As reported yesterday, the Israeli government allowed 33 trucks of humanitarian supplies into the Gaza Strip. Allowing the international community to send food to the troubled strip is certainly a positive step toward repairing the tenuous ceasefire with Hamas, but would have been more significant had Israeli tanks not leveled farmland during today’s raids into the southern portion of Gaza.
Beyond that, Israel resealed its border crossings with Gaza, so while the UN was able to resume food distribution with the small number of admitted trucks, it won’t be able to maintain them for long. The UN High Commissioner for Human Rights Navi Pillay condemned the blockade for denying 1.5 million Palestinian civilians of “their most basic human rights” and said it was a “direct contravention of international human rights and humanitarian law.”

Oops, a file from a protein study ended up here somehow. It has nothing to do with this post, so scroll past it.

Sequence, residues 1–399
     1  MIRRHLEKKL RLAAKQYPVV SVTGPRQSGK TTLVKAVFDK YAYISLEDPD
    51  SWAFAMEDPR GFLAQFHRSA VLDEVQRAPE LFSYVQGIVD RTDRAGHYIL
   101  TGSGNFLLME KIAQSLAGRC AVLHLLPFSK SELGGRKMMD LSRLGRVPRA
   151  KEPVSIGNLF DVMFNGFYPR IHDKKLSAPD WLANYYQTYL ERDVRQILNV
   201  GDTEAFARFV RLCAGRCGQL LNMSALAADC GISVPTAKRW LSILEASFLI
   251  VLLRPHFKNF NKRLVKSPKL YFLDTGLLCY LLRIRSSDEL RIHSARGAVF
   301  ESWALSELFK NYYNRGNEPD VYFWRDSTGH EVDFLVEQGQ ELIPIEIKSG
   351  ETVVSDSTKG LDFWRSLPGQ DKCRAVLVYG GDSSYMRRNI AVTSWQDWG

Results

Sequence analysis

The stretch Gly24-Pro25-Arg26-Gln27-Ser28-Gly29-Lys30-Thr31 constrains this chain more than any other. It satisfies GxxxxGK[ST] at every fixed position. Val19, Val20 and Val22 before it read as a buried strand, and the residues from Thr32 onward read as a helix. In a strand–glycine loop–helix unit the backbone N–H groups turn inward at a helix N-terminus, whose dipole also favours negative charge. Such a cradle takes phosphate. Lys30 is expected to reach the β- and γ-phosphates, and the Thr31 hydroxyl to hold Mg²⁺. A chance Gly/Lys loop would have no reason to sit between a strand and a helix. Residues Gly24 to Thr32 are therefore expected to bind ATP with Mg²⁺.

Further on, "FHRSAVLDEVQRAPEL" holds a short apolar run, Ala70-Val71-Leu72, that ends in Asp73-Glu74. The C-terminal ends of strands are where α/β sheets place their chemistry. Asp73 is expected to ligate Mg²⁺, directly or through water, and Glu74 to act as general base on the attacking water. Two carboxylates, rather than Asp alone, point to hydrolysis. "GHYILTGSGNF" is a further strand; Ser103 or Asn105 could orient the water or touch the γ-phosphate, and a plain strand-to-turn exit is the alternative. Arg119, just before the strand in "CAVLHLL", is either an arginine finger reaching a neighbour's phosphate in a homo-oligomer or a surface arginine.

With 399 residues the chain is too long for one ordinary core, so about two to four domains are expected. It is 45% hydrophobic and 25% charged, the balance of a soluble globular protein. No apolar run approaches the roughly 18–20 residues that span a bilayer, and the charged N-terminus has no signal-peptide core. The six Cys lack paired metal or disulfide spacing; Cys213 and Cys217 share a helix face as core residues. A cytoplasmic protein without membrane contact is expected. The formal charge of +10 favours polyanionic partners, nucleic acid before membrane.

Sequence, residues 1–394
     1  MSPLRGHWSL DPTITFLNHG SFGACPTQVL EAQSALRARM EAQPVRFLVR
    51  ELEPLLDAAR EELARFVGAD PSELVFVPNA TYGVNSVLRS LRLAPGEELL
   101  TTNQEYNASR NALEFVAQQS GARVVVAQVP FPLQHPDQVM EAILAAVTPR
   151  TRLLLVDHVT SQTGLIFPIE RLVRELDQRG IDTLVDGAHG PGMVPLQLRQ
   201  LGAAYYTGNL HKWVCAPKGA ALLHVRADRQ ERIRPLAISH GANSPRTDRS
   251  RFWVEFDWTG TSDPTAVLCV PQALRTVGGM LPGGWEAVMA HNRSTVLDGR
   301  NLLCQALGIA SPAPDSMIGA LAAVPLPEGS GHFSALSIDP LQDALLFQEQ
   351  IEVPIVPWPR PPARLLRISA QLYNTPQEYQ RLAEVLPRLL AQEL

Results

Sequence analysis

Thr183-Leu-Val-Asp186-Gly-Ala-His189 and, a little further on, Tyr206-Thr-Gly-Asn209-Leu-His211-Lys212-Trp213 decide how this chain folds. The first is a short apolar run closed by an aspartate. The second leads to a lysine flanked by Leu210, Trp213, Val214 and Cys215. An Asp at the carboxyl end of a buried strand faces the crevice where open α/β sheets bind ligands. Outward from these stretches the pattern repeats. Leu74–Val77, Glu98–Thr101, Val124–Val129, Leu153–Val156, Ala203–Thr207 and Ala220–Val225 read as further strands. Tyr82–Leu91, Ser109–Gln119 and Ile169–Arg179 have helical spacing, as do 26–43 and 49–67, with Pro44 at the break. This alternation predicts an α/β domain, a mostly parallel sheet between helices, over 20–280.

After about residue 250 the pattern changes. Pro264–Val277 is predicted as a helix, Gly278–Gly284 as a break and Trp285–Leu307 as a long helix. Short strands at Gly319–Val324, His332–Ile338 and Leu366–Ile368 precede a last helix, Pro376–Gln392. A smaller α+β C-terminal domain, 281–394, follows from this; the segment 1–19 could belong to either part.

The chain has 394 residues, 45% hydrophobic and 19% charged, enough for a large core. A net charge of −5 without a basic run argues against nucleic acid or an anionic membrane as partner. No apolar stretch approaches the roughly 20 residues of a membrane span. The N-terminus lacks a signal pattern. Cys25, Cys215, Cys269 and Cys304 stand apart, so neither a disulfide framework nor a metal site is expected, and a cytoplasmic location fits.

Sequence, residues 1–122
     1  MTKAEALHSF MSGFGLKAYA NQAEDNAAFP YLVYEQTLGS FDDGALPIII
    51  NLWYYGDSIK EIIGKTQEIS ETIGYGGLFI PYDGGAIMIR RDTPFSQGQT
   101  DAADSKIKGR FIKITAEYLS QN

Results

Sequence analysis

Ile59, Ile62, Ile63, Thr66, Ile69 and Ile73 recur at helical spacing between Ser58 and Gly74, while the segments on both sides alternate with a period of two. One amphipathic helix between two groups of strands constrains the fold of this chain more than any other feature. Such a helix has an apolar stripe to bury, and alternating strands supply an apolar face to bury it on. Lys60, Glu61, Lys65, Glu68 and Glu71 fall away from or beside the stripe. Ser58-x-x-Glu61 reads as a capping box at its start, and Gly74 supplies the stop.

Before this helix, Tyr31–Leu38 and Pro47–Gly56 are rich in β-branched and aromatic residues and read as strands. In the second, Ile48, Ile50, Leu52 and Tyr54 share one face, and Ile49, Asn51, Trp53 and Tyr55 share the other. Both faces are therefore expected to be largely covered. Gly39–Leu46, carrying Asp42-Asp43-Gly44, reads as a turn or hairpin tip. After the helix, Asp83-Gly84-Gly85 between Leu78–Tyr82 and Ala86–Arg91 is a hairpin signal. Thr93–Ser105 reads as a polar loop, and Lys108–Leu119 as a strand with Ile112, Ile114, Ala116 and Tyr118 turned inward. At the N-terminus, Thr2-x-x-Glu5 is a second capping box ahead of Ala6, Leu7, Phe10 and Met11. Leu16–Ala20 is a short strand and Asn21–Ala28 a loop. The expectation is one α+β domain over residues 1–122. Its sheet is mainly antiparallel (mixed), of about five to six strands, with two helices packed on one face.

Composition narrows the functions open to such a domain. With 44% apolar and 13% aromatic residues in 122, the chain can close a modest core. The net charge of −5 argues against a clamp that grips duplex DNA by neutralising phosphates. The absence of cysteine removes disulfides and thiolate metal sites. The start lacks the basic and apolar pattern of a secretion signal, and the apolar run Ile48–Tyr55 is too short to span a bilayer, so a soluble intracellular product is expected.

The statement has outraged Israel, and Israeli ambassador to the United Nations Aharon Leshno-Yaar condemned Pillay for being “utterly shortsighted,” and insisted that all the problems in the Gaza Strip were entirely the fault of Hamas.
The latest crisis in the strip started two weeks ago when Israeli soldiers attacked a house in the Gaza Strip which they alleged was being used to build a tunnel into Israel to be used for kidnapping raids. The raid sparked a firefight, which led to an Israeli air strike, which led to rocket strikes from Gaza, and the two sides have been trading fire off and on ever since. Israeli officials have hit out at the rocket fire as a blatant violation of the truce, while defending their own attacks as pinpoint operations.
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